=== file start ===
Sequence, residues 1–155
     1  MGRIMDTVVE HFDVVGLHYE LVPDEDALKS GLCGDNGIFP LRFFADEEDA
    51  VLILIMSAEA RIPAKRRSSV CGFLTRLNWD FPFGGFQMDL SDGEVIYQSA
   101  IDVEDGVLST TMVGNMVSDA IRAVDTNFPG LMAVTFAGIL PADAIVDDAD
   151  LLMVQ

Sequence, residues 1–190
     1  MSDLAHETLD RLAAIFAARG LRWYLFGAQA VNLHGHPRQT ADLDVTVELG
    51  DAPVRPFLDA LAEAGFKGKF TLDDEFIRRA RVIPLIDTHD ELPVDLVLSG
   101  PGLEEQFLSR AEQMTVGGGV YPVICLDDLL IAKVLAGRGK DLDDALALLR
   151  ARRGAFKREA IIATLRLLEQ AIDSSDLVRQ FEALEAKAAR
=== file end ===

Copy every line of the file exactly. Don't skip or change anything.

Sequence, residues 1–155
     1  MGRIMDTVVE HFDVVGLHYE LVPDEDALKS GLCGDNGIFP LRFFADEEDA
    51  VLILIMSAEA RIPAKRRSSV CGFLTRLNWD FPFGGFQMDL SDGEVIYQSA
   101  IDVEDGVLST TMVGNMVSDA IRAVDTNFPG LMAVTFAGIL PADAIVDDAD
   151  LLMVQ

Sequence, residues 1–190
     1  MSDLAHETLD RLAAIFAARG LRWYLFGAQA VNLHGHPRQT ADLDVTVELG
    51  DAPVRPFLDA LAEAGFKGKF TLDDEFIRRA RVIPLIDTHD ELPVDLVLSG
   101  PGLEEQFLSR AEQMTVGGGV YPVICLDDLL IAKVLAGRGK DLDDALALLR
   151  ARRGAFKREA IIATLRLLEQ AIDSSDLVRQ FEALEAKAAR